Revolutionary War and on


During the American Revolution (1775-1784), the individual states and the continental government made widespread use of Rangers. On June 14, 1775, with war on the horizon, the Continental Congress resolved that six companies of expert riflemen be immediately raised in Pennsylvania, two in Maryland, and two in Virginia. In 1777, this force of hardy frontiersmen provided the leadership and experience necessary to form the organization George Washington called the Corps of Rangers. Dan Morgan commanded the Corps of Rangers.


The type of fighting used by the first Rangers was further developed during the Revolutionary War by Colonel Daniel Morgan, who organized the unit known as Morgan’s Riflemen. These men, clad in frontiersman buckskin garb, schooled in the Indians’ methods of forest fighting, and armed with the deadly, accurate frontiersmen’s rifles were without equal. Their service ran from 1775 to 1781, and some of their most famous battles were fought at Freeman’s Farm during September 1777 and at the Battle of Cow Pen during January 1781, against General Cornwallis’ crack British troops. According to remarks by General Burgoyne, a famous British general, Morgan’s men were the most famous corps of the Continental Army. All of them crack shots.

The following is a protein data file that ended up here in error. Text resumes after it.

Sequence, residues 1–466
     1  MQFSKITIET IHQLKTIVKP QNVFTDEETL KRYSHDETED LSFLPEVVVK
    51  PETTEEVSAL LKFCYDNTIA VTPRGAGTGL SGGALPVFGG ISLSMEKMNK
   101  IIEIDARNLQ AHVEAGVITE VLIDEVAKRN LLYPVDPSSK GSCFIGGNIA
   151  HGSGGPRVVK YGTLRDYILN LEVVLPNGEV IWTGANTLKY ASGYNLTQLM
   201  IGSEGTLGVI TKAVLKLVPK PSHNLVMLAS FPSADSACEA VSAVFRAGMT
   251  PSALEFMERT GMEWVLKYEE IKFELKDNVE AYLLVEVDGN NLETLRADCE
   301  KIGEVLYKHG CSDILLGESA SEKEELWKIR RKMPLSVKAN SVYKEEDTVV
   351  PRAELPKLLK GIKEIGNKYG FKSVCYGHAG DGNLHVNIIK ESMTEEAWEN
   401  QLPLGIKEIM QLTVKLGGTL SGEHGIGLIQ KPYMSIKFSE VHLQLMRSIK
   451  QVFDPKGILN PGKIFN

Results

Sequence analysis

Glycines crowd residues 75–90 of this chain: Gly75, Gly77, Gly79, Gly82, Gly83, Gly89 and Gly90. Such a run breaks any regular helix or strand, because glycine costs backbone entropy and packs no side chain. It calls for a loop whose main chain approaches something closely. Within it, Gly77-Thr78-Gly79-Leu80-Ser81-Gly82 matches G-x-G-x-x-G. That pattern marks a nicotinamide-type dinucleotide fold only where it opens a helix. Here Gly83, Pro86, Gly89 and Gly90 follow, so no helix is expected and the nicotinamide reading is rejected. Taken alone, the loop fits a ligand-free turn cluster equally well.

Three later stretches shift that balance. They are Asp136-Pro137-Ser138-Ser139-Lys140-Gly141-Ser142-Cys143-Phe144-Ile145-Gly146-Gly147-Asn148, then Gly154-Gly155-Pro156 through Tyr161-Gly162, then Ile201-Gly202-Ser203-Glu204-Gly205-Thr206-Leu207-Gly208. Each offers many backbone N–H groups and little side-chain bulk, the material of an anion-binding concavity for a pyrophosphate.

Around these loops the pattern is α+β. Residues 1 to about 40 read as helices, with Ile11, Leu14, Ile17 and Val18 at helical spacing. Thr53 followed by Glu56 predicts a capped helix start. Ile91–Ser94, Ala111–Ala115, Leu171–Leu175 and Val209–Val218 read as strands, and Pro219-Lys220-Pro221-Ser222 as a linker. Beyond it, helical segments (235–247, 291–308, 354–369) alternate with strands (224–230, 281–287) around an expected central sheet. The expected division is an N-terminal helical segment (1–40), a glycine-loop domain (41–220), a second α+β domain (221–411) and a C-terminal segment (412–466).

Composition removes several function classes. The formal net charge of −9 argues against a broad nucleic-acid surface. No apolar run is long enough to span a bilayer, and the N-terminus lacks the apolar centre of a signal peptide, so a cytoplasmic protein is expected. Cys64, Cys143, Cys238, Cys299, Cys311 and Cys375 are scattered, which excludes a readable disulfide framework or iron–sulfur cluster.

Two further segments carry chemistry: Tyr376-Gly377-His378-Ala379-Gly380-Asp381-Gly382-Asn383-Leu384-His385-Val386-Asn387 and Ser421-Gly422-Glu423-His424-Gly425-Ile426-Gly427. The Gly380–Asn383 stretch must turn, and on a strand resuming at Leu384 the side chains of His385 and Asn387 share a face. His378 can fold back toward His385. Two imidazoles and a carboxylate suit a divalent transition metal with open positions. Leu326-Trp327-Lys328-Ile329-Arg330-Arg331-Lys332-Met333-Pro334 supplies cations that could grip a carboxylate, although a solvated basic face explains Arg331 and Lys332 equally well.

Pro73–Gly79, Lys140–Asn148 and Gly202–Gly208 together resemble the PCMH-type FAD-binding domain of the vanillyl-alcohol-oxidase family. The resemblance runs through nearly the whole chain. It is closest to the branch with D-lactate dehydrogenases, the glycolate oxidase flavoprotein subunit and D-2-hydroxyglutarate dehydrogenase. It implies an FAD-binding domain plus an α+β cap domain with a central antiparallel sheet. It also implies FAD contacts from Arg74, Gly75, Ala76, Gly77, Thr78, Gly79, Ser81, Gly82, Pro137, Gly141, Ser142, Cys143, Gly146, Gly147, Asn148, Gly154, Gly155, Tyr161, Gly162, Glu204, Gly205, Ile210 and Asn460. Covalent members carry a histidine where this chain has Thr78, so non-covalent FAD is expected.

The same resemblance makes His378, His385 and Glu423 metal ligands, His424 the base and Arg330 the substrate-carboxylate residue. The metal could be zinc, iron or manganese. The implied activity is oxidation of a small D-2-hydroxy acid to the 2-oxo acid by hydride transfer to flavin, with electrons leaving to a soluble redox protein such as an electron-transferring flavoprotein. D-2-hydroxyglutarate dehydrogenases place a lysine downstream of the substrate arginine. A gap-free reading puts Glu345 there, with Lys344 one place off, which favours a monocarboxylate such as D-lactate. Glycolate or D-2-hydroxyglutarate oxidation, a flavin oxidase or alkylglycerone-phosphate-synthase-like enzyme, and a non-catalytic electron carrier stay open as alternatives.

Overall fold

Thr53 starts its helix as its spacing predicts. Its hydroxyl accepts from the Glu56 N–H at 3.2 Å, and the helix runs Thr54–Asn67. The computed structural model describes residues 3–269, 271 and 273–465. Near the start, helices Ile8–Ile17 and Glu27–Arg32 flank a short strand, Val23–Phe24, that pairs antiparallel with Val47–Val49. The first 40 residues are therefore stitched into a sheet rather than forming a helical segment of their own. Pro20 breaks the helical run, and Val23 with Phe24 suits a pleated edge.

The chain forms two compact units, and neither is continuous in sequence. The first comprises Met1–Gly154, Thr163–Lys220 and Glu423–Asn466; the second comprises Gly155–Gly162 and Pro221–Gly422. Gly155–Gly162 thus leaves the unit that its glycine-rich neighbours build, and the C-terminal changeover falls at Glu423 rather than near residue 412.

Francis Marion, the Swamp Fox, organized another famous Revolutionary War Ranger element. Marion’s Partisans, numbering anywhere from a handful to several hundred, operated both with and independently of, other elements of General George Washington’s Army. Operating out of the Carolina swamps, they disrupted British communications and prevented the organization of loyalists to support the British cause, thus contributing materially to an American victory. Their service also was from 1775 to 1781, and like Colonel Daniel Morgan, they fought against Cornwallis’ army. The Swamp Fox used many of Rogers’ standing orders during his engagements in and out of the swamps of Carolina.